Italian researchers are trying to recreate the voice of Otzi, a 5,300-year-old mummy
They hope to have a digital simulation in one year
He hasn’t talked for 53 centuries, but Otzi the Iceman may be about to break his silence.
Italian researchers in the northern city of Bolzano are working to recreate the 5,300-year-old man’s voice.
“In about a year we should be able to give Otzi a voice – or at least recreate the best possible approximation of his voice,” project coordinator Francesco Avanzini, ENT specialist at the city’s San Maurizio Hospital, told CNN.
In what he claims is the first such experiment ever carried out on a mummy, Avanzini and his colleagues have used CT scans to create a model of Otzi’s vocal tract, including the vocal cords and his mouth. Researchers at the National Research Council in Padua will then use this model and special software to recreate the Iceman’s voice.
“Of course we don’t know what language he spoke 5,000 years ago,” Avanzini said.
“But we should be able to recreate the timbre of his vowel sounds and, I hope, even create simulation of consonants.”
Working with a 5,300-year-old mummy preserved in special conditions, researchers faced several problems, Avanzini explained. They had to make some assumptions about the body’s soft tissues that affect the human voice, for example.
“Another big problem is his position, with an arm covering his throat and hyoid bone, which is also dislocated,” he said.
“For our project, the arm is in the worst position you can imagine.”
Despite these problems, researchers say they are optimistic. They expect the first results to come in a few months, and within one year we may be able to listen to Otzi.
“We would like to create a digital file, so that visitors at the museums can hear the Iceman’s voice,” Avanzini said.
Who is Otzi the Iceman?
Discovered in 1991 poking out of a glacier in the Italian Alps, Otzi is one of the oldest mummified person ever found. As a comparison, Egyptian mummies are several hundred years younger. He rests in a special cell – at exactly -6 C (21 F) and 98% humidity – at the South Tyrol Museum of Archaeology in Bolzano, where he is the undisputed star.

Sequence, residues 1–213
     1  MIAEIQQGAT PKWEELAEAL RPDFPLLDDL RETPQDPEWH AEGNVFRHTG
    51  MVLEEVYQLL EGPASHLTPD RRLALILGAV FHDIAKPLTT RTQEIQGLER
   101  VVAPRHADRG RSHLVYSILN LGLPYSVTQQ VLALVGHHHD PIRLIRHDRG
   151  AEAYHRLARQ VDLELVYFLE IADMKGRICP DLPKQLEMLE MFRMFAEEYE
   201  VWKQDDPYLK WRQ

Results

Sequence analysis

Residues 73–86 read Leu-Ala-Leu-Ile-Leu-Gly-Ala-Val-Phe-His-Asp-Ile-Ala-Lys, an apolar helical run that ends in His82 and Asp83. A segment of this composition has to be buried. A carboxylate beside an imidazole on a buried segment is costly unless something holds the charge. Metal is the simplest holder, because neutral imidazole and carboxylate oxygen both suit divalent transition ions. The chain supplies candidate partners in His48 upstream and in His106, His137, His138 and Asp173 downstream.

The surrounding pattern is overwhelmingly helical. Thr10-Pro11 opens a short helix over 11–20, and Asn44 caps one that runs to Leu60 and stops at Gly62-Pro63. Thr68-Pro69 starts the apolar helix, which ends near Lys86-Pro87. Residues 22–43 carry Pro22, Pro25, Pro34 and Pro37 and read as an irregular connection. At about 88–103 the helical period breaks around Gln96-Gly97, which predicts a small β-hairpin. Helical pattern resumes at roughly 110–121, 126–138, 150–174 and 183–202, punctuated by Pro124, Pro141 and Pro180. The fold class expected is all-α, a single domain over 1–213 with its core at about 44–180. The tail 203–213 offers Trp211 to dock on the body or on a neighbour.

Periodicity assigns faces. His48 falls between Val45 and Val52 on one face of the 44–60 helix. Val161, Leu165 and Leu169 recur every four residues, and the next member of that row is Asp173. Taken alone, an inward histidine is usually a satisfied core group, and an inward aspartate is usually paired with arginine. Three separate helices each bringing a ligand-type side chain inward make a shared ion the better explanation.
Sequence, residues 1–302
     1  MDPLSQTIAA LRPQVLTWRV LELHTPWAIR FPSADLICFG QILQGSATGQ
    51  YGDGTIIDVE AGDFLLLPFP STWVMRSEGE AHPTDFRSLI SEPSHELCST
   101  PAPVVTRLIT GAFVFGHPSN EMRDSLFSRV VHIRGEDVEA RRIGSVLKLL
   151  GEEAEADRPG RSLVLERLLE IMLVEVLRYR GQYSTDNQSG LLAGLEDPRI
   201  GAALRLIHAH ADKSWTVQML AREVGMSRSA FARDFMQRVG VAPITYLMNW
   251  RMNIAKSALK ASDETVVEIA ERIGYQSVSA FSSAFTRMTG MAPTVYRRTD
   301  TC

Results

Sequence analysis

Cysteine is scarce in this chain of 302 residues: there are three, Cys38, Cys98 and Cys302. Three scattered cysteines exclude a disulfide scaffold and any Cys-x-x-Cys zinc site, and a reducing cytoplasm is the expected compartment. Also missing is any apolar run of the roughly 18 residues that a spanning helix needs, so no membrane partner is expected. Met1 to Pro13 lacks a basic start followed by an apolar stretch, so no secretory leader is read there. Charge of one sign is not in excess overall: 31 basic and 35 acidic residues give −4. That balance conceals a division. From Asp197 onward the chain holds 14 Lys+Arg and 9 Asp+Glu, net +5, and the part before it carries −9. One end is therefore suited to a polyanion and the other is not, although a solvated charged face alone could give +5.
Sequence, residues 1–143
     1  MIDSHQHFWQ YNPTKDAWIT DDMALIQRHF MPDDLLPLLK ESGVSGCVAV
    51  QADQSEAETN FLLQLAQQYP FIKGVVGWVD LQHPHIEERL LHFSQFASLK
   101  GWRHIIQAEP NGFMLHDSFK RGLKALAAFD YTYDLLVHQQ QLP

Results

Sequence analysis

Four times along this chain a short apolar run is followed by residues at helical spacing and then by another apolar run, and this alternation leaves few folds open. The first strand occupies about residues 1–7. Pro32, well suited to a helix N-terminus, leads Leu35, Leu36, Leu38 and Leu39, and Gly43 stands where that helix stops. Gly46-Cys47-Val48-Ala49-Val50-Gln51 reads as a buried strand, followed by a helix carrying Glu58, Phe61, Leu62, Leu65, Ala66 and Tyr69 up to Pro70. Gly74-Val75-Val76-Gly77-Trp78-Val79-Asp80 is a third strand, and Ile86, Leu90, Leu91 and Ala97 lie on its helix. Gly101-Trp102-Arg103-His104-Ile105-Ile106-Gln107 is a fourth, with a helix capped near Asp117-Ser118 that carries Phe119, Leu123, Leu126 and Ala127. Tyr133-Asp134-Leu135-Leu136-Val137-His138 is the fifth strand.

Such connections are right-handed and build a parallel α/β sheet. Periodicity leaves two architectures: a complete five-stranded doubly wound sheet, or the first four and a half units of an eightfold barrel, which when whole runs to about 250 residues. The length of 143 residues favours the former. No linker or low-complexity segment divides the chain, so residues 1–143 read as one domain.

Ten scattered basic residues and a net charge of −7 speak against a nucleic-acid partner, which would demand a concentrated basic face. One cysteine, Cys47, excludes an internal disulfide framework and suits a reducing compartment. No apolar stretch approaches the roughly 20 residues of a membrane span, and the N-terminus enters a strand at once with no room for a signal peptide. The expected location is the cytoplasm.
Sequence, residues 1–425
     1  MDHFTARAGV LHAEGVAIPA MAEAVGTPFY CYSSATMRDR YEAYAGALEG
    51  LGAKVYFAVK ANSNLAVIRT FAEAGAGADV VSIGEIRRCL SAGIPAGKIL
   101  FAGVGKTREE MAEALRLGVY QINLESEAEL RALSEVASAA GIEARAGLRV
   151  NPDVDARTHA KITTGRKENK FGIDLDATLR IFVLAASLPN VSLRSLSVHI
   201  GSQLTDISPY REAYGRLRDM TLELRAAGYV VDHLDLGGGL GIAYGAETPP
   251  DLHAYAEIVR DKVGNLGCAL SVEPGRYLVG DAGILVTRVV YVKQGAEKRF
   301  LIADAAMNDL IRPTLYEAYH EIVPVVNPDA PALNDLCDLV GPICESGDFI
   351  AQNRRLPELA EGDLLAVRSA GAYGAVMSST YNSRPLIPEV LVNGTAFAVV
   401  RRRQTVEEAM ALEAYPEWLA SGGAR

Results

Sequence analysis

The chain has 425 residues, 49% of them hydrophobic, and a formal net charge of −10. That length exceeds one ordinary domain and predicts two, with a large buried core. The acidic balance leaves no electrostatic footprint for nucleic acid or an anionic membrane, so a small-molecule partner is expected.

For the past 25 years, his mummified body has been a window into the early human history. His remains are a treasure trove of information on what life in the Alpine region was like more than 5,000 years ago, while also revealing details of Otzi’s life and violent death.
According to the EURAC’s Institute for Mummies and the Iceman, and the South Tyrol Museum, Otzi was about 1.6 meters (5.2 feet) tall and weighed about 50 kilos, or 110 pounds. He probably had dark, shoulder-length hair and beard. Sixty-one tattoos cover his body. Based on their position, researchers think they were part of a pain relief treatment of joints.
DNA and other analyses revealed he had brown eyes and was in poor health – unsurprising given his age. At 45, he was rather old back then. Otzi was genetically predisposed to cardiovascular diseases and suffered from hardened arteries, lactose intolerance and dental problems. He might have also suffered from ulcers, and scientists found evidence of whipworm, an intestinal parasite.
More surprisingly, his descendants can still be found in in some isolated European regions, such as Italy’s Sardinia and France’s Corsica.
Examining his wounds, researchers found the oldest red blood cells ever discovered. We even know what his attire looked like and what weapons and equipment he used.
One of the most intriguing aspects, though, is the manner of his death. A flint arrowhead was found in his left shoulder, which had probably cut a key blood vessel: Otzi was murdered.
Pollen in his stomach tell us that the killing probably took place during the spring, while other stomach samples show that, at least, he had a good lunch before dying: corn, meat and fruit.
What we don’t know is what he was doing more than 3,000 meters up in the Italian Alps and why he was killed. And even when Otzi will speak, it is unlikely to reveal his last secrets.